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Hemp Seeds, the new kid on the block…. in Australia anyway!

Hemp Seeds, the new kid on the block…. in Australia anyway!

Hemp seed (and its products, such as oils and milks) is derived from the Cannabis sativa plant. This is the same plant that produces marijuana and medicinal cannabis, but the seeds have no psychoactive properties.  The reason we have not heard much about them until recently is because they were prohibited for sale in Australia until 2017. 

So what is so great about Hemp Seeds?

  • They are high in Omega 3s
  • They  are high in protein  compared with other seeds – 32 g of protein per 100 g of high quality protein  (nearly twice the amount of protein as chia or sesame seeds)
  • They are a source of fibre. 100 g of hemp seeds contain 4 g of fibre.  If fibre is what you are after, you might want to swap your chia seeds for hemp  seeds, because they have a massive 34 g of fibre per 100g.

How do you use Hemp Seeds?

  • On cereal or yoghurt
  • In smoothies
  • Baking, muesli bars, muffins and goodie balls
  • Sprinkling on salads

And the big question, do they have any calcium?  

They have approximately 70 mg per 100 g, so they have some, but not enough to rely on as a decent source.

The take home message? 

Hemp seeds are great for you so find way to incorporate them into your diet. But don’t give up all your other seeds. Chia, flax seed, linseed and sesame seeds, just to name a few, are so good for us and contain nutrients we don’t get from hemp seeds so remember, variety is the key!

Here’s a recipe to give hemp seeds a GO!

Hemp Pesto (source: Australia’s Best Recipes: www.bestrecipes.com.au)

Super easy. Makes 3 serves

Ingredients

1/2 cup pine nuts

1/4 cup hemp seeds

4 cups fresh basil leaves

2 garlic cloves small

1/2 lemon juice

2 tbs hemp oil (can replace with olive oil)

1 pinch salt

1 pinch oregano *to taste

1/4 cup parmesan *optional to add calcium!

Method

Add the hemp oil slowly with the motor running until the desired consistency is reached. Add salt to taste.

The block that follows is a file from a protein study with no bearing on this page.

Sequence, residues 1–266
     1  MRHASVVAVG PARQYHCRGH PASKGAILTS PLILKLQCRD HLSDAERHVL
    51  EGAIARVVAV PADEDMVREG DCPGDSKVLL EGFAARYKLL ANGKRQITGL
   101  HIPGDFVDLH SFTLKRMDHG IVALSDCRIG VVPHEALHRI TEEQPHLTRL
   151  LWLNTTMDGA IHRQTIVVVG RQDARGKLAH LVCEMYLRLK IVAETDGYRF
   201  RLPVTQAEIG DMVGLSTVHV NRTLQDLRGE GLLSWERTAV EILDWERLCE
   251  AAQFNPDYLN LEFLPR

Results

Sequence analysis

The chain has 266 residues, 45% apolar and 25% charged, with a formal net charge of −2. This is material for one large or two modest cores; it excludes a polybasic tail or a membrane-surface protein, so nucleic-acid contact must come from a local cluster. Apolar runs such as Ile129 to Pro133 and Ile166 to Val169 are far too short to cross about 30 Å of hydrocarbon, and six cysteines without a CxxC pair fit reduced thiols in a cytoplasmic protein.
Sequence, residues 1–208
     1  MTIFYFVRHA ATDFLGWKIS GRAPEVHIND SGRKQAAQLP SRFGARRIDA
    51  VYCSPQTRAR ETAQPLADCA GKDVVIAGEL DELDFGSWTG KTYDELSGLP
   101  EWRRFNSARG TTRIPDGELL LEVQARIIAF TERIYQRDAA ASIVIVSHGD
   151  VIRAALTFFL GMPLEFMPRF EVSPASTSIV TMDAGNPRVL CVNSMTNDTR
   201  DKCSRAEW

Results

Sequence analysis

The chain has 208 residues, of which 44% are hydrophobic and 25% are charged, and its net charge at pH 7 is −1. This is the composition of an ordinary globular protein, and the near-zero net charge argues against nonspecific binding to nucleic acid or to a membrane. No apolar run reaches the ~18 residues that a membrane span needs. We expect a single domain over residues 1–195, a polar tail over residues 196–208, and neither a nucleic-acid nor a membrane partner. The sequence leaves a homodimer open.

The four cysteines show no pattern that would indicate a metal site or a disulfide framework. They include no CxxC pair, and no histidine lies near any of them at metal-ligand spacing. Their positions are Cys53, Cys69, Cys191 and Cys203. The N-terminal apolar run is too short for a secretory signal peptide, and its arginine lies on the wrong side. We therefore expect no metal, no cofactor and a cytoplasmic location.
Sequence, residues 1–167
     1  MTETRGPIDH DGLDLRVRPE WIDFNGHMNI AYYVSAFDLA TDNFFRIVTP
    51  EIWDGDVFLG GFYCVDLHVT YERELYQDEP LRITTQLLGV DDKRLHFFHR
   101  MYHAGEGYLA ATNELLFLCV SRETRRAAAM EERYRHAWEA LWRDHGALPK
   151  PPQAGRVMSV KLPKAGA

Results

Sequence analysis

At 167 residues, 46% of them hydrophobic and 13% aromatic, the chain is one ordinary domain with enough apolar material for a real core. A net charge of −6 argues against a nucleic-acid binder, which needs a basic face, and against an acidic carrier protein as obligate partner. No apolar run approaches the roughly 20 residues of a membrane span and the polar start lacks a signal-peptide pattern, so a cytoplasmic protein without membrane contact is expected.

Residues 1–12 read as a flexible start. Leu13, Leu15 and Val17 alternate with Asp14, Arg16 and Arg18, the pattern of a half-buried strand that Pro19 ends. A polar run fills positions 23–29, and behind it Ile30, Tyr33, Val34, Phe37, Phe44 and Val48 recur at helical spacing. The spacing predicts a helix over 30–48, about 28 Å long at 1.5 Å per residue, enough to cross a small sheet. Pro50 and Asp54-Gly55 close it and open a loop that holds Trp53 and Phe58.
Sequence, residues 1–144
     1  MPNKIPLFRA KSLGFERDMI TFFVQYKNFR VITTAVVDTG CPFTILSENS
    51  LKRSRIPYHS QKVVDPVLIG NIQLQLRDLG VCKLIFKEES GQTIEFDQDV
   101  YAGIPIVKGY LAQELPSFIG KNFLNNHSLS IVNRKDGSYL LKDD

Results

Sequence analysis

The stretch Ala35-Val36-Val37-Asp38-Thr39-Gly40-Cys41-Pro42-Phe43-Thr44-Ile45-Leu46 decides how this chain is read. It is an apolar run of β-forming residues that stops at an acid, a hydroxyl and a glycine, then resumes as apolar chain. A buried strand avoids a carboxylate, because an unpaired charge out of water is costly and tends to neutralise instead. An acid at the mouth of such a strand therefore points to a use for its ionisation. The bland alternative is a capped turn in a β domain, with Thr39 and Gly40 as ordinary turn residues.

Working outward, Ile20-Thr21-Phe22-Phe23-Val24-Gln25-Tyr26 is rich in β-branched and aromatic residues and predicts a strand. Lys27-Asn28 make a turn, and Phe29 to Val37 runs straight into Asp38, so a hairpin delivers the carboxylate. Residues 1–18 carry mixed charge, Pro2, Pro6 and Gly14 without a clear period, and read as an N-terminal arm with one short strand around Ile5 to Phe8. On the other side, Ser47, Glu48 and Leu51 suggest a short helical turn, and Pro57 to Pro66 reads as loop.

Add the hemp oil slowly with the motor running until the desired consistency is reached. Add salt to taste.

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February 11, 2020 , BelindaAdmin

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Hemp Seeds, the new kid on the block…. in Australia anyway!

Hemp Seeds, the new kid on the block…. in Australia anyway!

Hemp seed (and its products, such as oils and milks) is derived from the Cannabis sativa plant. This is the same plant that produces marijuana and medicinal cannabis, but the seeds have no psychoactive properties.  The reason we have not heard much about them until recently is because they were prohibited for sale in Australia until 2017. 

So what is so great about Hemp Seeds?

  • They are high in Omega 3s
  • They  are high in protein  compared with other seeds – 32 g of protein per 100 g of high quality protein  (nearly twice the amount of protein as chia or sesame seeds)
  • They are a source of fibre. 100 g of hemp seeds contain 4 g of fibre.  If fibre is what you are after, you might want to swap your chia seeds for hemp  seeds, because they have a massive 34 g of fibre per 100g.

How do you use Hemp Seeds?

  • On cereal or yoghurt
  • In smoothies
  • Baking, muesli bars, muffins and goodie balls
  • Sprinkling on salads

And the big question, do they have any calcium?  

They have approximately 70 mg per 100 g, so they have some, but not enough to rely on as a decent source.

The take home message? 

Hemp seeds are great for you so find way to incorporate them into your diet. But don’t give up all your other seeds. Chia, flax seed, linseed and sesame seeds, just to name a few, are so good for us and contain nutrients we don’t get from hemp seeds so remember, variety is the key!

Here’s a recipe to give hemp seeds a GO!

Hemp Pesto (source: Australia’s Best Recipes: www.bestrecipes.com.au)

Super easy. Makes 3 serves

Ingredients

1/2 cup pine nuts

1/4 cup hemp seeds

4 cups fresh basil leaves

2 garlic cloves small

1/2 lemon juice

2 tbs hemp oil (can replace with olive oil)

1 pinch salt

1 pinch oregano *to taste

1/4 cup parmesan *optional to add calcium!

Method

Add the hemp oil slowly with the motor running until the desired consistency is reached. Add salt to taste.

Add the hemp oil slowly with the motor running until the desired consistency is reached. Add salt to taste.